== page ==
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A Dynamic Incentive-Based Argument for Conditional Transfers

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  • DILIP MOOKHERJEE
  • DEBRAJ RAY

Abstract

We compare the long-run effects of replacing unconditional transfers to the poor by transfers conditional on the education of children. Unlike Mirrlees' income taxation model, the distribution of skill evolves endogenously. Human capital accumulation follows the Freeman-Ljungqvist-Mookherjee-Ray OLG model with missing capital markets and dynastic bequest motives. Conditional transfers (funded by taxes on earnings of the skilled) are shown to induce higher long-run output per capita and (both utilitarian and Rawlsian) welfare, owing to their superior effect on skill accumulation incentives. The result is established both with two skill levels, and a continuum of occupations. Copyright © 2008 The Economic Society of Australia.

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Bibliographic Info

Article provided by The Economic Society of Australia in its journal Economic Record.

Volume (Year): 84 (2008)
Issue (Month): s1 (09)
Pages: S2-S16

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Handle: RePEc:bla:ecorec:v:84:y:2008:i:s1:p:s2-s16

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  1. Dilip Mookherjee & Debraj Ray, 2003. "Persistent Inequality," Review of Economic Studies, Wiley Blackwell, vol. 70(2), pages 369-393, 04.
  2. Ljungqvist, Lars, 1993. "Economic underdevelopment : The case of a missing market for human capital," Journal of Development Economics, Elsevier, vol. 40(2), pages 219-239, April.
  3. Skoufias, Emmanuel & Parker, Susan W., 2001. "Conditional cash transfers and their impact on child work and schooling," FCND briefs 123, International Food Policy Research Institute (IFPRI).
  4. Dilip Mokherjee & Stefan Napel, 2006. "Intergenerational Mobility and Macroeconomic History Dependence," Discussion Papers 1, Aboa Centre for Economics.
  5. Debraj Ray, 2006. "On the dynamics of inequality," Economic Theory, Springer, vol. 29(2), pages 291-306, October.
  6. Thurow, Lester C, 1974. "Cash Versus In-Kind Transfers," American Economic Review, American Economic Association, vol. 64(2), pages 190-95, May.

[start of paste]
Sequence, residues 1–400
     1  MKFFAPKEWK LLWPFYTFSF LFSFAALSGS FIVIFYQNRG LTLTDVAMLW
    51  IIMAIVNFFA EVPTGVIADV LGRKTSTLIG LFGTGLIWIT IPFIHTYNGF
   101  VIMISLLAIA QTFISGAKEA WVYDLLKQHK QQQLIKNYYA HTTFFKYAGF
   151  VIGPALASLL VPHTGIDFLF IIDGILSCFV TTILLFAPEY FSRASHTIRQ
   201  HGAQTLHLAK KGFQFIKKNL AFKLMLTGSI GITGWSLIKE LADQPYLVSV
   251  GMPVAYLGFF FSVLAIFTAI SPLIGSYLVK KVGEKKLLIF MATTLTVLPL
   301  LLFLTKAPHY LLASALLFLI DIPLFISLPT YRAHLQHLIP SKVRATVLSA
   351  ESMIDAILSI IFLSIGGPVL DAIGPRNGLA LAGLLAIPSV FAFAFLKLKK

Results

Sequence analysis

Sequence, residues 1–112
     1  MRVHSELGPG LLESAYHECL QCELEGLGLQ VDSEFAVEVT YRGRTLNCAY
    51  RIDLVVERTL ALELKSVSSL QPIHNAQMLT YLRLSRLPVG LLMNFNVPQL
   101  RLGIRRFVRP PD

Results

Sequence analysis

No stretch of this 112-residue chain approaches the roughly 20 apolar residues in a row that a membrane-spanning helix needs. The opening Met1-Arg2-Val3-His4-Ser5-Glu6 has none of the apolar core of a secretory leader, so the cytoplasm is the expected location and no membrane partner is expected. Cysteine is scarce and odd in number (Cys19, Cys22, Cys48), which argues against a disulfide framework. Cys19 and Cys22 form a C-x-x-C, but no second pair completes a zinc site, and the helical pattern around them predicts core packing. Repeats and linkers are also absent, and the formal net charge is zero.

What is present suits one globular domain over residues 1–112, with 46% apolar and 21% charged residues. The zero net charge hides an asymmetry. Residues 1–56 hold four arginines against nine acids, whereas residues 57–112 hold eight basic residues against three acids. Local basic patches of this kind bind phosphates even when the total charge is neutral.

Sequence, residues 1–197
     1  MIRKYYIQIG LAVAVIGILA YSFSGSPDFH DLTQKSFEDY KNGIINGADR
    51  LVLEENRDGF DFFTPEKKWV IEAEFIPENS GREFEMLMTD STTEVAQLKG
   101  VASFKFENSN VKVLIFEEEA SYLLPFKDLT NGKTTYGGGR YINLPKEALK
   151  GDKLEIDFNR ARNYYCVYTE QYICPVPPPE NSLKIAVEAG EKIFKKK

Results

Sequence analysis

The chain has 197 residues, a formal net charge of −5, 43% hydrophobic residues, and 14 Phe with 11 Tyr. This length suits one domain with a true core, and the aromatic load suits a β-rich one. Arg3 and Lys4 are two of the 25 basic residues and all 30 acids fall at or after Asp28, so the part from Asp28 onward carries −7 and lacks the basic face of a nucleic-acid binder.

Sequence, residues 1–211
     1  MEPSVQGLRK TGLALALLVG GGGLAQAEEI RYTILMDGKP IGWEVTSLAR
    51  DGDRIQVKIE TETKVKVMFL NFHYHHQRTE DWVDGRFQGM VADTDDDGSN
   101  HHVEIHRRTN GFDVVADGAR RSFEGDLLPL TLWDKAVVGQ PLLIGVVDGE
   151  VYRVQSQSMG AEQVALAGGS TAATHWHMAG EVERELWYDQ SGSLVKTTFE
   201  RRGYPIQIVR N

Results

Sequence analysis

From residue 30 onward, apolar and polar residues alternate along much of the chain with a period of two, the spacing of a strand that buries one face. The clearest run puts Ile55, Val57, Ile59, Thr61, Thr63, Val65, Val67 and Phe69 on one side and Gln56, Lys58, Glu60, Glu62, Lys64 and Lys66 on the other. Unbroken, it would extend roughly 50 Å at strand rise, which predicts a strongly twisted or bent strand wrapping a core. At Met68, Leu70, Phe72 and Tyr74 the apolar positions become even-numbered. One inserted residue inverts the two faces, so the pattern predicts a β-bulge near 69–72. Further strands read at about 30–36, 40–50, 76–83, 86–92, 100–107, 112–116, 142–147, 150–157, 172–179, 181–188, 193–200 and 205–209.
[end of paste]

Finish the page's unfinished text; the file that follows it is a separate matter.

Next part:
7. Bertrand, Marianne & Shafir, Eldar & Mullainathan, Sendhil, 2004. "A Behavioral Economics View of Poverty," Scholarly Articles 2907437, Harvard University Department of Economics.
  8. Banerjee, Abhijit Vinayak & Benabou, Roland & Mookherjee, Dilip (ed.), 2006. "Understanding Poverty," OUP Catalogue, Oxford University Press, number 9780195305203, September.
  9. Behrman, Jere R & Sengupta, Piyali & Todd, Petra, 2005. "Progressing through PROGRESA: An Impact Assessment of a School Subsidy Experiment in Rural Mexico," Economic Development and Cultural Change, University of Chicago Press, vol. 54(1), pages 237-75, October.
  10. Freeman, Scott, 1996. "Equilibrium Income Inequality among Identical Agents," Journal of Political Economy, University of Chicago Press, vol. 104(5), pages 1047-64, October.
  11. Galasso, Emanuela & Ravallion, Martin, 2005. "Decentralized targeting of an antipoverty program," Journal of Public Economics, Elsevier, vol. 89(4), pages 705-727, April.
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Cited by:
  1. Schneider, Andrea, 2010. "Redistributive taxation vs. education subsidies: Fostering equality and social mobility in an intergenerational model," Economics of Education Review, Elsevier, vol. 29(4), pages 597-605, August.
  2. Dilip Mookherjee & Silvia Prina & Debraj Ray, 2010. "A Theory Of Endogenous Fertility With Occupational Choice," Boston University - Department of Economics - Working Papers Series WP2010-036, Boston University - Department of Economics.

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